First Soft Job
It makes business
Specialization breeds isolation. It can be deadly, both to the specialists as well as to the organizations that employ them. Jack Welch’s GE almost bit the dust to dotcom newcomers such as Ariba and Commerce One.
could have the legendary Jack Welch woken-up to the Internet potential
only after he saw his family purchasing online for Christmas, as late as
Information Services (GEIS) did lead in pre-Internet EDI transactions;
catering to about 100,000 companies. But the specialist GEIS had a
skewed view of the Internet potential. Locked into prevailing (EDI)
technology, GEIS - still mainframe bound - saw the Internet as a cheap
alternative for those who were not large enough to operate in the EDI
system. GEIS at first even offered Internet solutions to hook the
minnows on to the EDI fading World. By 1997 it was clear even to GEIS
that EDI was doomed, but GEIS failed to communicate it effectively to
the conglomerate’s leaders; missing the “first movers’ advantage”.
got it late. How could this have happened? The organization’s culture
can take the brunt of the blame. But is it enough an explanation?
was number one in its field and, by GE rules of engagement, it was safe;
GEIS thought it could afford to fuss about with the Y2K bug. To GEIS’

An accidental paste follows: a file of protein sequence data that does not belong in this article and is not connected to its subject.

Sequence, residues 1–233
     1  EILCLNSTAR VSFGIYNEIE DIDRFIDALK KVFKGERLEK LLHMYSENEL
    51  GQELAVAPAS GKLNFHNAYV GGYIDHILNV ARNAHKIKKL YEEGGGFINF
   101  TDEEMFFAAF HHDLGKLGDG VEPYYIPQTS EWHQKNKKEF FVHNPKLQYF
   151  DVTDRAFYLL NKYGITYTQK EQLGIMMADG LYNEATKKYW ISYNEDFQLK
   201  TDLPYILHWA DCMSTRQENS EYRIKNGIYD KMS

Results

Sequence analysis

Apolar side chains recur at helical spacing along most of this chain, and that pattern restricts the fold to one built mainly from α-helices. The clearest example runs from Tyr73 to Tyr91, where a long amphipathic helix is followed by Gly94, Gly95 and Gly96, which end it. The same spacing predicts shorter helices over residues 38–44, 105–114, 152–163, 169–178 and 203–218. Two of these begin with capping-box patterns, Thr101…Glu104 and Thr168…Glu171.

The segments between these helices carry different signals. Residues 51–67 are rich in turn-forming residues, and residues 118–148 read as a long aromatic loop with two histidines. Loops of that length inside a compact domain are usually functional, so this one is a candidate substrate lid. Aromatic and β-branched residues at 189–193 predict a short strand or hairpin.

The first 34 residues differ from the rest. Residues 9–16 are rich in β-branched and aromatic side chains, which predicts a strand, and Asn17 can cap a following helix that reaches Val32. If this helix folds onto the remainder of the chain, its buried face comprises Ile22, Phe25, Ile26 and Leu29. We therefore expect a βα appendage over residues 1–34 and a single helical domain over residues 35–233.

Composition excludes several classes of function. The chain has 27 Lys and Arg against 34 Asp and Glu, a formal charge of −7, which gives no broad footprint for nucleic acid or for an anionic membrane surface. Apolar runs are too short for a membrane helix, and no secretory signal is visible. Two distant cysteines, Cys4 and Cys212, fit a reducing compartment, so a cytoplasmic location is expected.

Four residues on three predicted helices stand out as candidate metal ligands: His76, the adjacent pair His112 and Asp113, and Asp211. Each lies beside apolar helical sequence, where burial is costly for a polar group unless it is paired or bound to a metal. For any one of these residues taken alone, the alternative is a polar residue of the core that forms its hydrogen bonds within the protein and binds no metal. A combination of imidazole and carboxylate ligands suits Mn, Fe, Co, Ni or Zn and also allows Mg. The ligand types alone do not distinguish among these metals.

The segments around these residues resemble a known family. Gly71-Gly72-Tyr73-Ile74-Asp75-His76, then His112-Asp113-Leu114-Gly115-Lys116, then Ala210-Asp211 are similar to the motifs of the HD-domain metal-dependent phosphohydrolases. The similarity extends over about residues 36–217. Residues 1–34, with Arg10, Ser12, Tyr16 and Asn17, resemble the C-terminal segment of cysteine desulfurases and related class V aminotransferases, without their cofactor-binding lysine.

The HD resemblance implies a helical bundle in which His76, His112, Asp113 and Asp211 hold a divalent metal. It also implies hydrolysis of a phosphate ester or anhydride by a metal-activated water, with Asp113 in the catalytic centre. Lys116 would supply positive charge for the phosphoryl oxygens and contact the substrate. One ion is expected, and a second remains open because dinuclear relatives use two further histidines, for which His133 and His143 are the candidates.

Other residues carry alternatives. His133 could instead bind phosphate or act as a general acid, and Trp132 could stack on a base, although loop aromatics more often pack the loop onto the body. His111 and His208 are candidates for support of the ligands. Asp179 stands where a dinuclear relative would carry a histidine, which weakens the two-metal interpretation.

former “crew-cut” Marine commander, offering to engage a credible
bug must have seemed more appropriate than pointing to a threat by
tie-less Californian flamboyant young executives. Besides, developing
new technology meant dumping the old one, at a high cost - for uncertain
revenues. GE’s conglomerate structure would not have favoured spending
the millions that were necessary. Not unless the specialists had
developed the communication skills they lacked, or the conglomerate
leaders had the listening skills they failed to show. After all, Mr.
Welch saw the light while listening to his family. He may have been hard
of hearing, but he was not deaf.
we see similar communication failures nearer to home? Perhaps we can.
Brazil’s leading private bank innovated in Internet banking to the
point of leading in number of online customers, loosing only to BofA and
Wells Fargo. But the bank’s specialists’ divisions never managed to
persuade their bosses that they could export that technology while it
was internationally competitive. Something similar happened to Brazil’s
second largest private bank.
specialist divisions of both Brazilian banks were led by technically
proficient staff, successful at what they had been asked to do, but
unable to overcome the credibility gap when proposing ventures out of
their realm of competence. Very much like GE; only that it should have
been easier for GE to listen, for the USA is a meritocratic society
while Brazil is less so.
many Latin American countries, speaking up to bosses, particularly to
owners, requires the specialist staff to overcome higher psychological
hurdles than in more meritocratic societies; and therefore requires from